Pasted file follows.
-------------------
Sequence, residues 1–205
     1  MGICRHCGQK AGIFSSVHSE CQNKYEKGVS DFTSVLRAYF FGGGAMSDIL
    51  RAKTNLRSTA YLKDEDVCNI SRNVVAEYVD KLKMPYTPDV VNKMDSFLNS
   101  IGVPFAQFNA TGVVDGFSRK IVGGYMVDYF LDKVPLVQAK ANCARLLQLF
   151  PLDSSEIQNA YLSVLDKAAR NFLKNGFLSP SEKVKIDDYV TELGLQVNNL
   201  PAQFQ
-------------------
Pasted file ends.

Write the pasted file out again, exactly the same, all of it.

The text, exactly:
Sequence, residues 1–205
     1  MGICRHCGQK AGIFSSVHSE CQNKYEKGVS DFTSVLRAYF FGGGAMSDIL
    51  RAKTNLRSTA YLKDEDVCNI SRNVVAEYVD KLKMPYTPDV VNKMDSFLNS
   101  IGVPFAQFNA TGVVDGFSRK IVGGYMVDYF LDKVPLVQAK ANCARLLQLF
   151  PLDSSEIQNA YLSVLDKAAR NFLKNGFLSP SEKVKIDDYV TELGLQVNNL
   201  PAQFQ